Spyware -- software installed on your computer without your knowledge or consent -- has overtaken viruses as the biggest security threat facing Windows computer users. With diligence you can avoid virus infection. But just a visit to the wrong Web site can load your PC with software that changes your browser home page, spews ads, or even steals passwords.
Microsoft's (MSFT ) decision to jump into the fast-growing market for anti-spyware utilities is ironic. Spyware took off mostly because a multitude of flaws in Windows and the Internet Explorer browser let the bad guys sneak nasty software onto PCs. Windows XP Service Pack 2, last summer's overhaul of Windows, helped, but it didn't cure the problem.
The new Microsoft AntiSpyware is available in a test, or beta, version, for free download. It's a hastily repackaged version of a program acquired in Microsoft's December purchase of Giant Company Software. It looks like a solid program, though security software is hard to assess without detailed technical analysis. It's more user-friendly than the leading free anti-spyware products, Lavasoft Ad-Aware and Spybot Search and Destroy, and it does a good job of telling you what it's doing and why. For example, if you install the Google (GOOG ) Toolbar, it notifies you that a new program changed browser settings but was allowed to because it is known to be safe.
THE MICROSOFT PROGRAM DIFFERS from most others by not raising alarms over "tracking cookies," small files that can let Web sites monitor your browsing activity. The handling of these cookies is controversial because they can steer you to information you want -- or pass personal data to third parties without permission. But you don't need AntiSpyware to manage them; you can just set preferences on your browser.
For the most part, Microsoft has resisted a temptation it often succumbs to -- making its products promote other company offerings. But if spyware hijacks your IE home page, AntiSpyware will reset it to msn.com. The program only protects IE, not other browsers. And it tries to make sure that the copy of Windows on the PC is properly licensed, an action that adds awkward steps to the installation and does more to protect Microsoft than consumers. Product manager Paul Bryan says these features may change in the course of testing.
Even if the program improves, I have serious qualms about Microsoft's entry into the security market. The company says it has not yet decided whether it will give AntiSpyware away or charge for it. Making it free would help Microsoft promote its goal of helping consumers protect their machines.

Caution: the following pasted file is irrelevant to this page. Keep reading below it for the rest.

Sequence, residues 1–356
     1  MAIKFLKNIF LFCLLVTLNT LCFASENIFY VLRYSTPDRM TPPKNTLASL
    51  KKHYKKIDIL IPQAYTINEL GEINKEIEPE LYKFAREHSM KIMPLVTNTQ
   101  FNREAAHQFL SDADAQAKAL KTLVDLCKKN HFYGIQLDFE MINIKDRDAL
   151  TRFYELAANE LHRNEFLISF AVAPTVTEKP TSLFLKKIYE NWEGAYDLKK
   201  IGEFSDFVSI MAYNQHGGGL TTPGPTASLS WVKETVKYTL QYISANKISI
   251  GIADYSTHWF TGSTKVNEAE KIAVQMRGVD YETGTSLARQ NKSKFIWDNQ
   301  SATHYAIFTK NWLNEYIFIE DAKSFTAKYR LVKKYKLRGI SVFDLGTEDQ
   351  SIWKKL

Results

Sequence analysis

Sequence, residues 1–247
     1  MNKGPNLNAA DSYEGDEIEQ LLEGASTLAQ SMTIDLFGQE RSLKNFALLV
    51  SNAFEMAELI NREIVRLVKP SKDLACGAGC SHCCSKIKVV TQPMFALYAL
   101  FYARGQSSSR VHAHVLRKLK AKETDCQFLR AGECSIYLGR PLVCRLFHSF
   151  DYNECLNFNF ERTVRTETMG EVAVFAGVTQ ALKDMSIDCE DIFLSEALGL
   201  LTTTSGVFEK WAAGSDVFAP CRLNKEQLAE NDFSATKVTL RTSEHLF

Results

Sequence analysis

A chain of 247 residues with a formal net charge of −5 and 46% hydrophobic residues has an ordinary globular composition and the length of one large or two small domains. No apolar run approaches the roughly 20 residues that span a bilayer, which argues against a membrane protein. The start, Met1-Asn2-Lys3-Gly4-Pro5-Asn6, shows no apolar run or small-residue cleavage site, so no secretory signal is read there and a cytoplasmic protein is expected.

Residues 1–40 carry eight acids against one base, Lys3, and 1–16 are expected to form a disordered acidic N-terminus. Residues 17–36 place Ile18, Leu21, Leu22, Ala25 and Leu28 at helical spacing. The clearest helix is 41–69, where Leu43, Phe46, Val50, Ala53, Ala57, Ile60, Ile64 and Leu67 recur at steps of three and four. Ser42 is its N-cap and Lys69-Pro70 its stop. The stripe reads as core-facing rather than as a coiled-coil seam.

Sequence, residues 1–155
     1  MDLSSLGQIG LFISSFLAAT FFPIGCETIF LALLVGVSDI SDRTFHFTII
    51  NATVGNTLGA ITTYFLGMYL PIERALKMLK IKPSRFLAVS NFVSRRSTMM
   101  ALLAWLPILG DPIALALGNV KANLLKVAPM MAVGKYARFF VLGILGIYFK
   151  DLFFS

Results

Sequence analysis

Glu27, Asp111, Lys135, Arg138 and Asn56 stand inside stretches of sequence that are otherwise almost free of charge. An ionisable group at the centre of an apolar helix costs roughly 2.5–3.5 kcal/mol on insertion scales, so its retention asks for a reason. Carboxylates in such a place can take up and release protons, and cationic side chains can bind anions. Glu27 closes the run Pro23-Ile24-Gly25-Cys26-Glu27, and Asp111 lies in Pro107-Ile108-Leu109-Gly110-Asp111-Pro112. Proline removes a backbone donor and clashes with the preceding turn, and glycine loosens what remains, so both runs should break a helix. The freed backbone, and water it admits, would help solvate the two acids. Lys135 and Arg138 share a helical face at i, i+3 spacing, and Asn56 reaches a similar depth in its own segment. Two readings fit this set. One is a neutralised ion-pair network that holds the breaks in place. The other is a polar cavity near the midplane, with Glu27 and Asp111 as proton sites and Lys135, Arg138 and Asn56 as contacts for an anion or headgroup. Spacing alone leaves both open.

On the other hand, giving it away may not be good for overall security. Windows would be a lot less secure if it weren't for the independent software makers that have made a business out of cleaning up Microsoft's messes. Big diversified players such as Symantec (SYMC ) and Computer Associates Inter-national (CA ) and spyware specialists such as Webroot Software and Sunbelt Software all could suffer if Anti-Spyware is free. Just by entering the market, Microsoft "could freeze any kind of spending of risk capital on Windows security," warns Gregor Freund, CEO of firewall publisher ZoneLabs (CHKP ), a unit of Checkpoint Software Technologies. (CHKP ) And once Microsoft achieves dominance, it often stops innovating, as it has with IE.
For now, however, the important issue for consumers and businesses remains protecting their PCs. First, make sure Microsoft's Windows Update is turned on. (Mac OS X users should make sure automatic software updates are enabled.) You should run both anti-virus and anti-spyware software and check that the programs are kept up to date. In an ideal world, software would be inherently safe against spyware and other threats. But that's not the world we live in, and it's not one we are likely to see anytime soon.
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